Forget political, it’s a constitutional crisis in K’tka

Forget political, it’s a constitutional crisis in K’tka

All sides in Karnataka seem to be doing just as they please

The hugely popular Kannada play ‘Mukhya Mantri’, where a fictional chief minister wheels and deals his way (using means fair and foul) to save his government from collapse in 24 hours, completed 700 shows this June. The achievement is all the more remarkable given that actual Karnataka politics in the last three decades has made some of the more outrageous schemes and twists in the play seem tame. As if in tribute, the latest round of instability has got not just the people in the state, but the nation at large, riveted to the drama playing out on TV screens over the last two weeks.

What has come to pass, in my view, is a form of constitutional breakdown where institutions and functionaries have thrown out rule books and decided they will do as they please, constitutional niceties and norms be damned! Each violation has become the basis to justify further violations of the norm and rather than return to the baseline for constitutional behaviour, we are seeing further and further deviation making any attempt at articulating what should happen seem like a futile exercise.

The saga started with an elaborate game of hide-and-seek between the rebellious Congress and Janata Dal (Secular) MLAs and the Speaker, KR Ramesh. The former wanted to resign, but the latter did not want to accept their resignations. When the latter wanted them to appear before him, they made the briefest of appearances before fleeing the state altogether. As the Speaker continues to refuse to decide on the resignations (in accordance with Article 190(3)(b) and use the threat of disqualification under the Tenth Schedule) the MLAs continue to defy him and their constituents.

That the MLAs’ motivations are hardly pure is evident to anyone – the Opposition’s involvement in the resignation suggests that further skulduggery is planned to ‘reward’ the MLAs for their resignation once the government is toppled. Between them, the MLAs and the Speaker have made a mockery of the anti-defection law intended to prevent precisely such a situation.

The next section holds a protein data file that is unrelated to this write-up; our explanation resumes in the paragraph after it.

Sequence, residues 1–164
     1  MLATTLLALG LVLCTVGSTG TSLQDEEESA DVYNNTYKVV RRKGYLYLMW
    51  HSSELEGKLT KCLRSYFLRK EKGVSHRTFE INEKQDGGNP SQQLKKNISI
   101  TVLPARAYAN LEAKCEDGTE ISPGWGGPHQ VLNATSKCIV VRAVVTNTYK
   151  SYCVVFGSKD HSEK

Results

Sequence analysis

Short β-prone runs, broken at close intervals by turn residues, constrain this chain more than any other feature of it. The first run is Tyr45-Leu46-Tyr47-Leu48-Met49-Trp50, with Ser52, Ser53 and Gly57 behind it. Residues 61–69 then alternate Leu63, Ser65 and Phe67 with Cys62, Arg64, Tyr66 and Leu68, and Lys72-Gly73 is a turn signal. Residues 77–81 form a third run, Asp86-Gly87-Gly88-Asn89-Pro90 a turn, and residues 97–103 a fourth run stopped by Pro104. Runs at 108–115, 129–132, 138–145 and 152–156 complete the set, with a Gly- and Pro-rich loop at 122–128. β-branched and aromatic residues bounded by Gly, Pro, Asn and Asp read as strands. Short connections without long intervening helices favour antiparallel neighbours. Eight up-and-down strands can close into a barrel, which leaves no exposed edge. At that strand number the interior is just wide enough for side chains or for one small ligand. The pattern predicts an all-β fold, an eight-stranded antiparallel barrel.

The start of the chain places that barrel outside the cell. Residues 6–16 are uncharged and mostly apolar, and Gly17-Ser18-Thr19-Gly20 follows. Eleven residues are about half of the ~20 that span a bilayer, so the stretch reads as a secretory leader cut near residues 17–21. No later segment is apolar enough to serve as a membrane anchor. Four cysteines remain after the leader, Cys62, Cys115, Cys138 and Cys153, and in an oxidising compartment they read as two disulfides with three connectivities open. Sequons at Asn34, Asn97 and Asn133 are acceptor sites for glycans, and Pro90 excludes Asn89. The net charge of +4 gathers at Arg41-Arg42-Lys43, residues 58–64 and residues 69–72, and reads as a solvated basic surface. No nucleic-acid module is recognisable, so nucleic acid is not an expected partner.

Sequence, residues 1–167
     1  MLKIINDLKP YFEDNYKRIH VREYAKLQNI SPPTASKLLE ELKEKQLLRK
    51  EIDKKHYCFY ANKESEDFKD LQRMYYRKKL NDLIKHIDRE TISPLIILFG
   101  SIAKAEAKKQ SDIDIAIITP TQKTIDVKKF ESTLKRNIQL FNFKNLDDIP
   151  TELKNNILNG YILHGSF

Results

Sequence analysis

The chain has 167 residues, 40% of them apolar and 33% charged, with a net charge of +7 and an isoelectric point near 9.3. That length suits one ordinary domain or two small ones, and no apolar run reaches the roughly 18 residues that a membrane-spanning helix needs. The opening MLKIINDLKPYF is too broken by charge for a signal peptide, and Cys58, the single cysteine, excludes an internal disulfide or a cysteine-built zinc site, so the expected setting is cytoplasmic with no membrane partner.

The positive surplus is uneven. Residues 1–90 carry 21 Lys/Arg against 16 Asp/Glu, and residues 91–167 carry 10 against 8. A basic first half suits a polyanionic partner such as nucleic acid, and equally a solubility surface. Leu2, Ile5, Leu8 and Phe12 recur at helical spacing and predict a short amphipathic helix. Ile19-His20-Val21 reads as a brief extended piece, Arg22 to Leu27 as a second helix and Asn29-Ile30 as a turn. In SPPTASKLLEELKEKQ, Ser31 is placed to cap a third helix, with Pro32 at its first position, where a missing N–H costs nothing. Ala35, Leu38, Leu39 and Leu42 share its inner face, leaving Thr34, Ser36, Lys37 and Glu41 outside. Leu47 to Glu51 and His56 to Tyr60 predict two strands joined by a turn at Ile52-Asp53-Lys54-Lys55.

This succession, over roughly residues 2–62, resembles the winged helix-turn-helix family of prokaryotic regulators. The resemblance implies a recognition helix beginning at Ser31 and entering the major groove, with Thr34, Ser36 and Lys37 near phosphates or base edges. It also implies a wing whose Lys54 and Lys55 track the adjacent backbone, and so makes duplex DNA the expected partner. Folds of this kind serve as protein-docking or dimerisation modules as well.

Even as Chief Minister HD Kumaraswamy pre-empted matters a week ago by seeking to prove his majority, matters have been complicated by the Speaker’s delay in holding such a vote and further messed up by the Governor’s attempt to force the process. While the law is fairly clear on the powers of the Governor (as laid down by the Supreme Court in Nabam Rebia v Deputy Speaker [2016]) nonetheless the Governor has sought to interfere in the functioning of the House by “sending a message” that a vote of confidence take place. This has been summarily ignored by the Speaker and no such trust vote has taken place. Though the Governor is entitled to ask a CM to prove his majority, this is not the constitutional manner of doing so.

Even the Supreme Court’s two interventions thus far have not inspired confidence in its ability to deal with this matter decisively. Its first interim order to the Speaker was plainly against the grain of constitutional propriety since the question of whether the court can direct a Speaker to take a time bound decision is still pending adjudication. The order was ignored by the Speaker with no consequences.

Its second order in the matter was just as baffling. In trying to ‘balance’ the rights of all parties, it ended up curtailing the powers of the Congress Legislature Party to issue a whip for a no-confidence without hearing the party. While it is not unheard of for courts to pass interim orders against parties who are not before it, to pass one that effectively abrogates the Tenth Schedule is simply unacceptable.

The court’s confused and contradictory positions are a clear contrast to the decisive manner in which it intervened in 2018 during the formation of this government. The bench then was clear and forthright in what they wanted to achieve (an end to horse-trading) and stayed firm once they had made up their minds. On the other hand, the court now seems unsure of what to do in the face of open defiance and has allowed itself to become a tool to delay constitutional processes.

Will the Speaker and the ruling coalition find further ways to avoid a trust vote? Will the Supreme Court bring any clarity to the matter? Will the Governor recommend the imposition of Presidential rule? These are the kinds of questions one would have been able to answer or take a reasonable stab at based on past precedents and settled institutional behaviour. But all of these things seem up in the air and citizens are left to only watch, helpless and incredulous, as events play out on their screens. At times such as this, one is only reminded of the opening line of Girish Karnad’s Tughlaq:

“God! What’s this country coming to!”

(Alok Prasanna Kumar is an advocate and Senior Resident Fellow at the Vidhi Centre for Legal Policy, based in Bengaluru)